I read an article in the Ravalli Republic that contained comments about Charles Amos Buck. Being the fourth generation of these Bucks from Ohio, I wanted to share some of the history that I know.
Buck Street (not Buck Lane) in Stevensville was named for Amos Buck (my great grandfather) and his brothers, Henry, Fred, and George. Amos, Fred and George lived on the 200 block. Amos had a large Mcintosh orchard there that extended to what is now the ball park. The brothers had various mercantile businesses. Charles, son of Amos, took over the mercantile business at age twenty-six. Charles was a mayor of Stevensville and like his father, he excelled at making the town even better with the help of its citizens.
An event that was forever impressed in Granddad Charles’ mind, occurred at the age of four. He was in his father’s store watching Chief Charlo and the Salish men on horseback riding single file past them. Charles asked his father if he could go out and talk to Chief Charlo. His father stated that he couldn’t because Chief Charlo had troubles of his own. Granddad went outside and sat on a fence post to watch. He then saw, walking behind the horses, elderly women carrying their papooses and crying. Running a half block home, he asked his mother why the women were crying. She informed him that they had been forced from their land and homes. He returned to the store, sitting on the post, to watch the rest of the procession. There was no mention of soldiers chasing them.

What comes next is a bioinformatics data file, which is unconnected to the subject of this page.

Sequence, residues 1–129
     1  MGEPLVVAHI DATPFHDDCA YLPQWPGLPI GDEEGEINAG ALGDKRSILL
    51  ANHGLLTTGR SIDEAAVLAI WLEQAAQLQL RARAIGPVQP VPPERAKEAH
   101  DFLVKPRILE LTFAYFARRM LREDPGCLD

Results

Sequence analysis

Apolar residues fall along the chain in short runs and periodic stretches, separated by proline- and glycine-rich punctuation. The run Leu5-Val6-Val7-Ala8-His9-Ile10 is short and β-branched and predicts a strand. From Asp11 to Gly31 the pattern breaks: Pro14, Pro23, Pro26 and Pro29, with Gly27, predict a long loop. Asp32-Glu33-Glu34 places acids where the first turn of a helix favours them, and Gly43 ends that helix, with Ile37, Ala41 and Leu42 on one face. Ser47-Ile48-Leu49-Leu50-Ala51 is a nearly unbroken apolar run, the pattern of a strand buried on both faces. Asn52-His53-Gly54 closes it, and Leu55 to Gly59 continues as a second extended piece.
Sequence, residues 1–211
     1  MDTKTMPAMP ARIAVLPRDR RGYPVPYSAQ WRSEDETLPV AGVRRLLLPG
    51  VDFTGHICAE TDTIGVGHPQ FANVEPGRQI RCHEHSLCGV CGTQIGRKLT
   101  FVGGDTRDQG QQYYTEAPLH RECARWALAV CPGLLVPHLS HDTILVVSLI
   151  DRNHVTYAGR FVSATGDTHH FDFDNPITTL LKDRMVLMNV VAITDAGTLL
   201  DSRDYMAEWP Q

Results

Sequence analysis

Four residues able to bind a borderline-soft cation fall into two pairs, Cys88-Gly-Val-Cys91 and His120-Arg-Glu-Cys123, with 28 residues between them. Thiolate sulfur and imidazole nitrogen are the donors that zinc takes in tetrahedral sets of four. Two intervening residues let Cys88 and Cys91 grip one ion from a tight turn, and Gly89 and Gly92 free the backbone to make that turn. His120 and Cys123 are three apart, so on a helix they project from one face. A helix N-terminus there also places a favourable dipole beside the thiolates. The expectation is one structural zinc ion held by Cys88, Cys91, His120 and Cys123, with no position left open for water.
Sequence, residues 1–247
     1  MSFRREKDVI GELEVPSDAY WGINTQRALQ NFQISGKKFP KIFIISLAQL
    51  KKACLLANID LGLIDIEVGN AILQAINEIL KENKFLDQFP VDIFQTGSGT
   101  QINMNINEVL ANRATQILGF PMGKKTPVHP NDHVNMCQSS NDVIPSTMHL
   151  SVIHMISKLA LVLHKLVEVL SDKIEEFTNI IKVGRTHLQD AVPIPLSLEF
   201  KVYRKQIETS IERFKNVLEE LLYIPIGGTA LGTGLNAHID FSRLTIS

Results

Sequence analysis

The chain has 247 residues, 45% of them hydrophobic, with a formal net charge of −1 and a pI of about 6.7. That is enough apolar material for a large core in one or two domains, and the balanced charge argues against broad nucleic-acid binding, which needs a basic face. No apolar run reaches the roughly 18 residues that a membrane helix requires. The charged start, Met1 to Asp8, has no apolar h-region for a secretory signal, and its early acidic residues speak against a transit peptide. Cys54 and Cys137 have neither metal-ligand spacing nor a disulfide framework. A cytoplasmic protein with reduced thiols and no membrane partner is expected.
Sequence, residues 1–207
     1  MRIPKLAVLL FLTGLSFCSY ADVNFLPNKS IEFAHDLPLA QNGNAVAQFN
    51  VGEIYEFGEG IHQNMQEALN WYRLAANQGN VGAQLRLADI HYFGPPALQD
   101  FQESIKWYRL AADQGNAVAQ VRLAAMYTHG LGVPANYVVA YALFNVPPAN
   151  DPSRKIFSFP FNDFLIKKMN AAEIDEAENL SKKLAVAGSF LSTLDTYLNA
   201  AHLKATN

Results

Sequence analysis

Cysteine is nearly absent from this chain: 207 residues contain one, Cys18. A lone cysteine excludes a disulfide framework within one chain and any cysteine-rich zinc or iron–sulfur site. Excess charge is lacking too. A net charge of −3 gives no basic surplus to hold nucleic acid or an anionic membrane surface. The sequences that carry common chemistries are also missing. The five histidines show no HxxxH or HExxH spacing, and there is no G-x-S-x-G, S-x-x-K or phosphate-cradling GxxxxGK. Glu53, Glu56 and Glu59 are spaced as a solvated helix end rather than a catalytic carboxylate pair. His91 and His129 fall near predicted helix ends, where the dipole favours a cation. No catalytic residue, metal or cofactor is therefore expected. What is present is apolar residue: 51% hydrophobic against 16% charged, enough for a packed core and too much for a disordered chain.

Thus there is Buck Street, not Buck Lane, named after Amos and his brothers, and Charles would always remember the Salish stoically passing through town to their new location.